HOW IT WORKS PART 1 – THE PRACTICALITIES
You are welcome to phone or email us and set up an appointment directly or ask another health professional, such as your GP or individual therapist, to make a written or phone referral. Typically first appointments are booked many weeks ahead. A word of warning, because we are leaders in the field, we frequently have a full case load and you have to wait to get in to see us – so try and contact us sooner, rather than waiting till things are really urgent..
If you are coming with a relationship issue we strongly suggest you both attend the first appointment, to make sure the therapy gets off on an equal footing for all partners.
We usually use the Zoom platform as we have found this to be the most user-friendly, reliable and secure of the major options. If you are not familiar with using Zoom, we will give you full instructions before our first session.
Normally we operate during business hours, Monday to Friday. Our first appointment is normally 9 or 9.30am and our last appointment 4 or 4:30pm.
We have found that an hour is too short for couple work so we allow 90 minutes for couple sessions. Individual sessions are normally an hour.
We charge $240 including GST for an hour-long individual session. Couple sessions are 90 minutes long and so cost $360. As a result of the COVID-19 crisis, we understand many people are experiencing financial hardship. If this is the case, please talk to us about negotiating a reduction in our fees.
HOW IT WORKS PART 2 – THE PROCESS OF THERAPY
1. Lots of questions.
To start with we are likely to ask you a lot of questions. We need to get to know you and what you are dealing with so we can help. They may include general questions about yourself (age, work, family background, prior relationships etc), specific questions about the difficulties you are having (including details of exactly how they occur, your understanding of how they began, solutions you have tried), and questions about what sort of help you are expecting and exactly how you will know when things are better.
2. Summary and Reflection
When we feel like we have a reasonable handle on who you are and what is going on for you (and that can take more than one session), we are likely to try and sum up the picture as we understand it, to make sure we are seeing things in a way that makes sense to you. This process of summarising and reflecting what you have told us and shown us keeps on going and is itself an important part of the therapy. However, you are paying us for our expertise and so we do a lot more than just listen and summarise.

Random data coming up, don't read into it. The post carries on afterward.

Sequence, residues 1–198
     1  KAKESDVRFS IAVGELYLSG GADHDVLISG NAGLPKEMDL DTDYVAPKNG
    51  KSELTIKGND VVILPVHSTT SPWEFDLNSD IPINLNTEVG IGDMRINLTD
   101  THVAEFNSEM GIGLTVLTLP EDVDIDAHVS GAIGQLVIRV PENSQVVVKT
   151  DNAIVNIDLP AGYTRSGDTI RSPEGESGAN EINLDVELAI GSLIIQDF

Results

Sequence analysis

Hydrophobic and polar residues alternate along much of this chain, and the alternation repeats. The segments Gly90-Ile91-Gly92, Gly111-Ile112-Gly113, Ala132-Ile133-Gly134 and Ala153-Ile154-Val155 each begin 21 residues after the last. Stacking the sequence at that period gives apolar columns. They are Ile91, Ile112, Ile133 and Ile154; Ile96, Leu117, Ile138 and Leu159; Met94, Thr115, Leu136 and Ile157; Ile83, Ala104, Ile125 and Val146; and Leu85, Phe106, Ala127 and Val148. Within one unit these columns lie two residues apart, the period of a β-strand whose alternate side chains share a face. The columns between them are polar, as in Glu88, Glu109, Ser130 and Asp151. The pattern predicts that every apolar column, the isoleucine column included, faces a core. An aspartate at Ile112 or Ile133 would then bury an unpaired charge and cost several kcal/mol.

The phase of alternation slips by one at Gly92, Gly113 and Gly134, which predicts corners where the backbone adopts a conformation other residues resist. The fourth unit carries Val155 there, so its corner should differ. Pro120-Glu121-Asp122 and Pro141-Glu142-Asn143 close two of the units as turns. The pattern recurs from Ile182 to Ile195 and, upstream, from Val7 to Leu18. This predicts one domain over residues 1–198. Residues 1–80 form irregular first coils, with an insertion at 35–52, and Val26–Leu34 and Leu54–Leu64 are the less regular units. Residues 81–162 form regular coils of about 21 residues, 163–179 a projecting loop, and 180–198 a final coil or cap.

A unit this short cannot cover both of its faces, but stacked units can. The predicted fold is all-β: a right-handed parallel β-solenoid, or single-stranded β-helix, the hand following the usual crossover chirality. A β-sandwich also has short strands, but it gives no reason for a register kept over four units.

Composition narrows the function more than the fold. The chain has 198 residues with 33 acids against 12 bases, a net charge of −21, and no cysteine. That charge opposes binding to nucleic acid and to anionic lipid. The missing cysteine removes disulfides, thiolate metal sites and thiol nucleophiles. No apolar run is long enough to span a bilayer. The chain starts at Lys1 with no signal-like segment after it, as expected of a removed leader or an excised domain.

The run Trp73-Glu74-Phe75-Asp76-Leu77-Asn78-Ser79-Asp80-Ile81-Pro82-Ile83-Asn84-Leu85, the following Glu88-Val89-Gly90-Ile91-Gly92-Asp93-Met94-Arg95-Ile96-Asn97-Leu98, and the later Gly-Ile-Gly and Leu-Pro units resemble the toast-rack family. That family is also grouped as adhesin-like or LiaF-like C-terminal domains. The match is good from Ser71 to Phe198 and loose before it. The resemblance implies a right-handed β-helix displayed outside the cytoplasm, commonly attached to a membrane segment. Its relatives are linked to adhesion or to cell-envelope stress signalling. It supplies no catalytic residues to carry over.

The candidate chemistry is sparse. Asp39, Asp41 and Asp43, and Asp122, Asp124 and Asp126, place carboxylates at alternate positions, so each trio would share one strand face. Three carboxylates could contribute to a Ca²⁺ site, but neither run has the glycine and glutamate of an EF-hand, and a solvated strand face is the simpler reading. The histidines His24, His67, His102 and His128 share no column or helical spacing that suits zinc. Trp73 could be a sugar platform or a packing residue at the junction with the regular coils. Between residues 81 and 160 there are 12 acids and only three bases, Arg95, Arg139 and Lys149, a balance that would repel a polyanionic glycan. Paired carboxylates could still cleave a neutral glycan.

We will make suggestions about things you could do or try. Just what they will be depends on the kinds of difficulties you are having. We may offer specific skills that would help you (e.g. relaxation exercises, structured ways to think about things). We are likely to give you particular structured exercises to do the will help you develop new skills (e.g. being less reactive when talking with your partner, being more aware of the way you come across to). We may suggest books that you could read or things you could think about. We may suggest reasonably simple changes in behaviour (e.g. make more time to spend with supportive friends, start exercising). We might also make suggestions that challenge the way you look at yourself (e.g. inviting you to notice that you are always putting yourself down, or frequently more defensive than the situation warrants). We may even say things that you would never normally say to someone – but that you need to hear (e.g. “you are really good at getting the discussion off the point” or “you are being a bully”). There is always a reason for the suggestions we make and the things that we do – if it doesn’t make sense to you, you should ask us about it.
4. What you can do to make therapy work better
Doing therapy is not like going to see an accountant or mechanic where you can hand over your problem and expect them to fix it for you. With personal or relationship issues the work will ultimately have to be done by you.
It may sound obvious but if you want therapy to work, you need to actually DO the things we suggest. Even if they don’t work the way they are “supposed to”, you will learn things about yourself. The more you can take what was discussed during your session with us and practice it, apply it, work at it or think about it in between sessions, the more you will get out of coming to see us.
5. Review Progress, Make New Suggestions
If you find what we are offering helpful and keep coming, then the process moves into a more collaborative phase where we make suggestions, you go away and try things and then we process the outcome and make further suggestions on the basis of our conclusions.
6. Ending Therapy
You get to decide when therapy ends – ideally because you have achieved the goals that you set in the early session(s).